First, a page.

Duke team IDs new target for fatty liver disease and prediabetes

The buildup of fat in the liver known as nonalcoholic fatty liver disease now affects up to 25% of Americans, according to the American Liver Foundation, leading many experts in metabolic disorders to dub it a pandemic. The rise of the disease tracks with increasing obesity rates, though nonobese people can develop it, too. People with prediabetes face a high risk of developing fatty liver disease, and there are no cures.

Scientists at Duke have identified a pathway in the liver that they believe could be manipulated to reduce the deposition of fat in the liver. It involves balancing two enzymes that work against each other to control fat metabolism. When they tried their method in rat models of obesity and metabolic disease, they found they could lower the amount of fat deposited in the liver and improve glucose regulation. They published their study in the journal Cell Metabolism.

The key to the discovery lies in branched-chain amino acid (BCAA), which is produced when protein is metabolized. Scientists have long known of an association between BCAA, obesity and insulin resistance, but they’ve struggled to figure out the mechanisms behind that link.

So researchers at the Duke Molecular Physiology Institute focused on two enzymes that control how BCAA is broken down in the body: one a kinase that inhibits the breakdown and the other a phosphatase that activates it.

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First they took a kinase-inhibiting drug developed at the University of Texas Southwestern Medical Center and tested it in the rat model. Then they found a way to activate phosphatase. Both experiments produced the same result: less fat in the liver and better glucose control. And the improvements started to show within a week.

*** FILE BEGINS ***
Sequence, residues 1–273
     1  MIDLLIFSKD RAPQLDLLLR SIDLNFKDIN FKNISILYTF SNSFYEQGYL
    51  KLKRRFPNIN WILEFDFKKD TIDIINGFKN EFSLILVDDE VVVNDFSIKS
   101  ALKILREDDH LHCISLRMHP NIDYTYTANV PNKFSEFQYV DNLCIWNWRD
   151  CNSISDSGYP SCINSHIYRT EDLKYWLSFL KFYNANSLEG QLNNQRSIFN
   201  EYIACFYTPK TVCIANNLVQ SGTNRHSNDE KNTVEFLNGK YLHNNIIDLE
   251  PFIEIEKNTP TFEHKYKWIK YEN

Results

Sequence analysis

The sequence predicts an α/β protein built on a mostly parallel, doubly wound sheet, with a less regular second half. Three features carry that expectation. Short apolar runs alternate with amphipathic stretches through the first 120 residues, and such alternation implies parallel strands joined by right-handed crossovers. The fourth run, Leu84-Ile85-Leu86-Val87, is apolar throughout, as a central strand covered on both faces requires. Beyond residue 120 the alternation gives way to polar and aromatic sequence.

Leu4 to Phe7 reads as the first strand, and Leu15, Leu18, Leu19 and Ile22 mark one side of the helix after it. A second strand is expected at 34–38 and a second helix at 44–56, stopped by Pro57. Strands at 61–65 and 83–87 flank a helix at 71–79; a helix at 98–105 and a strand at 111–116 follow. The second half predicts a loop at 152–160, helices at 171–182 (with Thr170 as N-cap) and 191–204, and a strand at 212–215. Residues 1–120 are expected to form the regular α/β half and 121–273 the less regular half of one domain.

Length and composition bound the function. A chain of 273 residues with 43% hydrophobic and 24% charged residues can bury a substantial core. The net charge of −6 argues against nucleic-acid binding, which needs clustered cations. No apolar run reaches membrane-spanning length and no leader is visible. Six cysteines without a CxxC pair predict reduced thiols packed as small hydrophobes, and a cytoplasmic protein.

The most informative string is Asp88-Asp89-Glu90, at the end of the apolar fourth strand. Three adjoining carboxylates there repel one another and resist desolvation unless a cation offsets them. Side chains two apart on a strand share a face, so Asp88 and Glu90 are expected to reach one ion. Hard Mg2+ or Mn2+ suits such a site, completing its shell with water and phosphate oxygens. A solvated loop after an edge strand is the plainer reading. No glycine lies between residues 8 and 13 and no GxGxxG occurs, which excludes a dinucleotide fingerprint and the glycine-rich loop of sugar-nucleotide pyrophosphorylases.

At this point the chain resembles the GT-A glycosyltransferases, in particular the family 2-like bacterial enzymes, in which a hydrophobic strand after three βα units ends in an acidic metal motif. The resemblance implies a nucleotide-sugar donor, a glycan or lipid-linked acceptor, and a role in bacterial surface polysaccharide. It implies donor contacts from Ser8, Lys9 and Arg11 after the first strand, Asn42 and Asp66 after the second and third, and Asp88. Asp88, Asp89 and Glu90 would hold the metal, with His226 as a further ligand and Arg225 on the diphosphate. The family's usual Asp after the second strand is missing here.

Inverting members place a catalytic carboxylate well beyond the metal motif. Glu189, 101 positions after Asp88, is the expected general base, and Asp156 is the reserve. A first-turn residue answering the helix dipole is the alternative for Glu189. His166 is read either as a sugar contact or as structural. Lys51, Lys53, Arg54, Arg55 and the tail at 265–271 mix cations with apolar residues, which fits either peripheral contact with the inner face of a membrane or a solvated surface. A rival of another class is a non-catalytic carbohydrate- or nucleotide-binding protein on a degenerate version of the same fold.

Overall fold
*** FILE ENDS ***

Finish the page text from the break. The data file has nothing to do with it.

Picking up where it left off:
"This particular rat model (the Zucker fatty rat) is an extreme model of obesity and metabolic disease, so if you can get an improvement in a week, that's really significant," said lead author Phillip White, Ph.D., an assistant professor of medicine, in a statement.

It’s the latest example of how new insight into enzyme activity is advancing research in diabetes and related disorders. In March, a team at Columbia University demonstrated in rodents that if they shut down the production of the enzyme DPP4 in the liver, they could improve insulin resistance. And a team in Japan published research in January suggesting that Sir2 could be targeted to improve glucose uptake in the liver.

The Duke team is planning further experiments to better understand how BCCA can be targeted in fatty liver disease and prediabetes. But their observations in the Zucker fatty rat are already motivating some specialists to consider new strategies for treating metabolic disorders.

"There's growing evidence to suggest that BCAA isn't just a passive marker of diabetes, but may actually play a role in driving the disease," said Robert Gerszten, M.D., director of clinical and translational research for the Massachusetts General Hospital Heart Center, in the statement. "It gives us the motivation to test whether changes in the amino acid intake in our diets would be worth exploring."